Since Lagrange points are unstable, to a greater or lesser degree, as a spacecraft “falls out” of one it could be placed, theoretically, on a trajectory that would efficiently scoop it up into a second Lagrange point. “These are not the fastest paths, but they save energy,” says Andrew Johnston, a geographer and one of the Smithsonian curators who built the new “Time and Navigation” exhibition at the National Air and Space Museum. He likened the process to a ship traveling with the ocean’s currents on the open seas—a fuel-efficient option if one is not in a hurry to reach one’s destination.

The points themselves could even become sites for refueling stations or workshops on this network of deep-space gravity tubes. “[A Lagrange point] would be a good place to put factories to build things, moving raw materials from asteroids,” says Martin Lo, a spacecraft trajectory expert with the Jet Propulsion Laboratory. He was one of the brains behind the design of NASA’s 2001 Genesis mission, which used the low-energy pathway between L1 and L2 in the Earth-sun system to gather samples of solar wind. “If we put a space station in one of these low-energy ‘orbits,’” Lo continues, “we can essentially go to various regions of the 2-million-kilometer-radius sphere around the Earth with almost no fuel.”

But it can take weeks, months, and even years to move between Lagrange points, Lo warns. Wending your way on the Interplanetary Superhighway between Saturn and Jupiter, for example, would require around 100 years; NASA’s Voyager 1 spacecraft, which made the trip in 1979-1980, did it in 21 months with fuel-guzzling rockets. Even with the more manageable time frames for the gravity tubes closer to Earth, the slow pace of movement is not ideal for delicate humans, who are at greater risk in deep space from exposure to cosmic rays and solar radiation than they are in lower orbits.

Moreover, it’s hard for even today’s computers to map out Lagrangian byways in three-dimensional space, simply because of their complexity. Lo points out that the layout of the Superhighway obeys the arcane dictates of chaos theory, so minute differences in a craft’s velocity and direction can affect the path it will wend through the solar system. Planning the precise path on which a spacecraft will drift along gravity tubes may be beyond us.

Wending your way on the Interplanetary Superhighway between Saturn and Jupiter, for example, would require around 100 years.

Even though it’s cheaper to set off from one after you arrive, getting to a Lagrangian point is prohibitively expensive. To propel a rocket to the Earth-moon L2, as Skylab II’s proponents want to do, would cost roughly $2 billion per launch. This won’t be like the 115 shuttle flights it took to assemble the International Space Station, said Griffin. Astronauts would not be able return rapidly to Earth, and resupplying the station would be costly and infrequent.

Any humans who live at a Lagrange point would face other health risks, notes astronomer Phil Plait, who writes the “Bad Astronomy” blog for Slate. People need gravity—the very thing that Lagrange points lack—to avoid bone and muscle problems, as studies of astronauts in the near-weightless conditions of orbit have revealed. It may be possible to artificially create gravity by rotating massive space stations around their own axes, but the viability of this option is questionable. Moreover, as for the Interplanetary Superhighway, “radiation is a big issue,” Plait says.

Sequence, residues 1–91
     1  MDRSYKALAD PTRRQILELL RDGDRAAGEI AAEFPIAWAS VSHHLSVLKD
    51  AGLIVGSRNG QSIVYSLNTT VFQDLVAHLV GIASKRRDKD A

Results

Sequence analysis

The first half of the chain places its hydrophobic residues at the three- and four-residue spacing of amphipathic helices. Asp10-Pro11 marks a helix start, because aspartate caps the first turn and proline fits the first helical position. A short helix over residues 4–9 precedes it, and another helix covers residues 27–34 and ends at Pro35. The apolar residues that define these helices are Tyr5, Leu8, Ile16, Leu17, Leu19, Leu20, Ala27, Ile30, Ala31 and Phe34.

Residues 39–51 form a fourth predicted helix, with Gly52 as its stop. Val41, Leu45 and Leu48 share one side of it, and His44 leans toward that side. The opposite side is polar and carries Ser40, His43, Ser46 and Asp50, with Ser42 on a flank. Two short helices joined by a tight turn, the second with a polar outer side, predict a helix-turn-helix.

A more subtle, but no less stubborn, barrier is the intellectual legacy of exploration, according to Dan Lester, a research fellow at the University of Texas at Austin’s astronomy department. “How can we send people to Lagrange points, [when] there’s nothing there?” he asks, describing opposition to such deep-space missions. Early humans roamed the plains in search of territory and sustenance; early-modern Europeans struck out across the oceans in search of the “New World.” Today, tourists hop continents to see the leaning tower of Pisa or go scuba diving off Australia’s Great Barrier Reef. “The historical picture of exploration is about putting footprints somewhere,” Lester adds. “It involves going to a rock where there will be an island or a continent. It has to be a rock. It has to be a place you can stand on.” Thanks to this baggage, Lester claims a Lagrange point in empty space doesn’t feel like a “real” place to many.

We might overcome these preconceptions, he notes, by thinking about Lagrange points as destinations for “remote exploration”: manned monitoring stations for controlling robots on the surface of a planet. “Telerobotic hands and fingers would have far more dexterity than an astronaut in a spacesuit would,” Lester says. “If you want to pick up a rock and turn it over, and scratch the surface of it, it’s easier with a telerobot than an astronaut in thick gloves.” Posting a manned spacecraft at a Lagrange point would allow a mission to remain in one spot above the surface of a significant astronomical body and stay in constant contact with a Curiosity-like rover on the surface. Unfortunately, it’s not likely to be Mars: The planet’s tiny moons make for very weak Mars-moon Lagrange points, and the distance of the preferred Mars-sun Lagrange point is too far away for remote exploration, according to Lester.

Exploration need not be exclusively about finding a spot to leave one’s mark. Advocates of Lagrangian travel suggest that it should also involve venturing into an uncharted area—whether in the ocean, or in deep space—in a quest for expanding knowledge. Just as 19th-century explorers mapped the ocean’s currents in order to conceptualize the globe, finding routes between Lagrange points could help us plot our place in the solar system, taming its immensity in our minds. Once we are comfortable finding our way around the Lagrange points between the Earth and moon, or the Earth and sun, perhaps our confidence will increase and lead us to try more daring voyages—to Mars, and beyond.


Elizabeth Howell is an award-winning space and science journalist based in Ottawa, Canada. Her work also appears in SPACE.com, Universe Today, LiveScience, Space Exploration Network and All About Space, among other publications.